Tibetan spiritual leader the Dalai Lama walks outside the White House after his meeting with U.S. President Barack Obama in Washington on Feb. 18, 2010
Yuri Gripas—Reuters
By Hannah Beech
February 2, 2015

It took three days for China’s official media to react to the news that the Dalai Lama, the exiled Tibetan spiritual leader, will join U.S. President Barack Obama at a National Prayer Breakfast in Washington, D.C., on Feb. 5. But Beijing’s response, now that it has finally come, is not joyous.

“Obama is acquiescing to the Dalai Lama’s attempt to split Tibet from China,” went a Monday op-ed in the China Daily, the Chinese government’s English-language mouthpiece.

“Tibet is an inseparable part of China,” it continued. “The Dalai Lama’s flight from China’s Tibet in 1959 was because of his failed attempt to maintain the serfdom in the region, under which the majority of Tibetans were slaves leading a life of unimaginable misery.”

The official Chinese narrative holds that Tibet trembled under the fist of Buddhist monks before the People’s Liberation Army marched in more than six decades ago. Since then, living standards in Tibet have increased; this year, the Chinese government has projected 12% growth in the Tibetan Autonomous Region, higher than in most other parts of the country.

But many Tibetans decry the Chinese government’s systematic repression of their religious and cultural freedoms. Possessing the Dalai Lama’s image can land Tibetans in jail, even though he has repeatedly said he is not calling for an independent Tibet but rather one in which local traditions are respected.

Tibetan monks are regularly required to denounce their spiritual leader in communist-run re-education classes. So profound is the despair among some Tibetans that more than 130 people have committed suicide since 2009 by setting themselves on fire, according to exile organizations. As they burn, self-immolators reserve their final breaths to praise the Dalai Lama and denounce Chinese rule.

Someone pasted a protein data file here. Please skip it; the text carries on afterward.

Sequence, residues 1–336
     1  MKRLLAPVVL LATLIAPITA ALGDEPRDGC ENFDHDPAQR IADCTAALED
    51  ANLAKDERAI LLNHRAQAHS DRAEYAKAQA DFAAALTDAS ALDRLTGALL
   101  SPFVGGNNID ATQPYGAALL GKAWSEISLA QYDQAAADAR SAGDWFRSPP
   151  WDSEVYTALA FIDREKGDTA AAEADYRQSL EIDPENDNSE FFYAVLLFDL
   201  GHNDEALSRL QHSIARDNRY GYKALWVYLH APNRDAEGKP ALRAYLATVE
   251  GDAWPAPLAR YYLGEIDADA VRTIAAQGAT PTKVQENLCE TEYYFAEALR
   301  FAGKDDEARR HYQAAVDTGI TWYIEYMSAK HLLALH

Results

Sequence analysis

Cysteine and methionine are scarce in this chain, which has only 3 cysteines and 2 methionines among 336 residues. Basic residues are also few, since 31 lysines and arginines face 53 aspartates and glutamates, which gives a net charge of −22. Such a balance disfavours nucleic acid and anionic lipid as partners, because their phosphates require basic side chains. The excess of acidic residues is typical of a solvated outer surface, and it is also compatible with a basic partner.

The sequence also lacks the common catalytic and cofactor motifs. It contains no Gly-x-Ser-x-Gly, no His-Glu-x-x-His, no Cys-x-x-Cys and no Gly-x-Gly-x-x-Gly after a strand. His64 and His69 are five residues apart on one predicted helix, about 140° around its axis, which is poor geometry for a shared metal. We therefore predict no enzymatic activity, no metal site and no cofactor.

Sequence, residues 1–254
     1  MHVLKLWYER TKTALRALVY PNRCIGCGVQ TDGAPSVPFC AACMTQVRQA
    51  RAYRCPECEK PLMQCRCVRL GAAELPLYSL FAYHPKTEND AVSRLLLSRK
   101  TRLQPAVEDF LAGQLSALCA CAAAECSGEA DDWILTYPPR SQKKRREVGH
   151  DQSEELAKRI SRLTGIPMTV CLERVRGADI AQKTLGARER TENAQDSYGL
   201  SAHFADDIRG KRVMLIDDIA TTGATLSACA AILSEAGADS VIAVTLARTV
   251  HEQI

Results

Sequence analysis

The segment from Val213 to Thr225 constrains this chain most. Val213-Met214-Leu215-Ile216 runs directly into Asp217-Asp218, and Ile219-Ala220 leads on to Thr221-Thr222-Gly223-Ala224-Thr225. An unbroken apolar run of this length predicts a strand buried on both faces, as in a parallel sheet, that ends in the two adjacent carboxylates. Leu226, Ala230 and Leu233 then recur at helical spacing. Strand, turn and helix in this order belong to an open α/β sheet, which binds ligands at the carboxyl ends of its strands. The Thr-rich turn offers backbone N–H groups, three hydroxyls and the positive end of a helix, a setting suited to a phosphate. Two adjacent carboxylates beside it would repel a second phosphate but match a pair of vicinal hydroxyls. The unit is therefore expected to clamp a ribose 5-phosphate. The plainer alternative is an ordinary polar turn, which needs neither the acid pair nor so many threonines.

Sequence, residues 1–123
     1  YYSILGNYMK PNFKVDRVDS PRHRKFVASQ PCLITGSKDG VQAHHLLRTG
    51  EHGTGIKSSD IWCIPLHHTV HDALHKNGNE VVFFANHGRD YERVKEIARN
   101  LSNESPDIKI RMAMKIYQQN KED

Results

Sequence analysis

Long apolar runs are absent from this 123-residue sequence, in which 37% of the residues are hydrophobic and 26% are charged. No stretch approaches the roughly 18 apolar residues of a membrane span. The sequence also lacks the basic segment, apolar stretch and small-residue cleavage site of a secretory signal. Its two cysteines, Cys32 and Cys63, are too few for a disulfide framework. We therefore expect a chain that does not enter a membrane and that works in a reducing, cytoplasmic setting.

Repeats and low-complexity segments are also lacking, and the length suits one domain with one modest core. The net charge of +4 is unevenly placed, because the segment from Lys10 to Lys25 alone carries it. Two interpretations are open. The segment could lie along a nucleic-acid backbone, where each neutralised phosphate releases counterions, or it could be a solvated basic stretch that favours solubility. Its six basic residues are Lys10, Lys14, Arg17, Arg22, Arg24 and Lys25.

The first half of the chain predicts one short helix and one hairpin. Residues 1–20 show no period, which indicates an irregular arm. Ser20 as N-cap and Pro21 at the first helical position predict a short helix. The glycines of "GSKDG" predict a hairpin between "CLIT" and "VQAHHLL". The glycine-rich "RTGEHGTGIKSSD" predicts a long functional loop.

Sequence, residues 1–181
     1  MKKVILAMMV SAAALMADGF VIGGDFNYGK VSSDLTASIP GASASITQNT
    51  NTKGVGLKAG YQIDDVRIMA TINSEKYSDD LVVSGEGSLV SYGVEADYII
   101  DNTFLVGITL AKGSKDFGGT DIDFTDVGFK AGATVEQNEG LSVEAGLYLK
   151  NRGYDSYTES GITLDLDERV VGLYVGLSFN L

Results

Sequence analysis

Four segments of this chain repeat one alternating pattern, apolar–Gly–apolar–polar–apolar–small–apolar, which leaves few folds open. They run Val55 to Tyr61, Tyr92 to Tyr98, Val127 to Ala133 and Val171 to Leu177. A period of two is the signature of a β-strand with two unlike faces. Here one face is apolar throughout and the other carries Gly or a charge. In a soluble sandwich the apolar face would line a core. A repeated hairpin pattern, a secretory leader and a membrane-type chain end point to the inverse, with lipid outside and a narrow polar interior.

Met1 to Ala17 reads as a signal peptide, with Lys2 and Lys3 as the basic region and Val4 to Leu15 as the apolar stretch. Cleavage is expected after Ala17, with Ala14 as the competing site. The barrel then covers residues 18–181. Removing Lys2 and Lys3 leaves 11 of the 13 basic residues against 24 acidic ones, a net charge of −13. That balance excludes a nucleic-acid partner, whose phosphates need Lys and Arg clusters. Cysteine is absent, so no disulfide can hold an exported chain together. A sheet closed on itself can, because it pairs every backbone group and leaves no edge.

More than half a century of anti-Dalai Lama propaganda has failed. The Tibetan leader is still widely venerated across the high plateau. Even Tibetan government officials are not immune, with Chinese state media reporting a crackdown on cadres who “are suspected of providing intelligence to the Dalai Lama’s separatist forces.” Last year, 15 Tibetan officials were punished for “serious violations in discipline.”

Obama has met with the Dalai Lama three times before, but always in a private setting. The National Prayer Breakfast marks the first time the pair will appear in public together. Chinese state media reported that a Chinese Vice Foreign Minister summoned a U.S. diplomat in Beijing to register official displeasure with the Feb. 5 event. News of the National Prayer Breakfast, however, will likely take time to reach parts of Tibet. Since the spike in self-immolations, Internet and phone lines have been severed in some regions.

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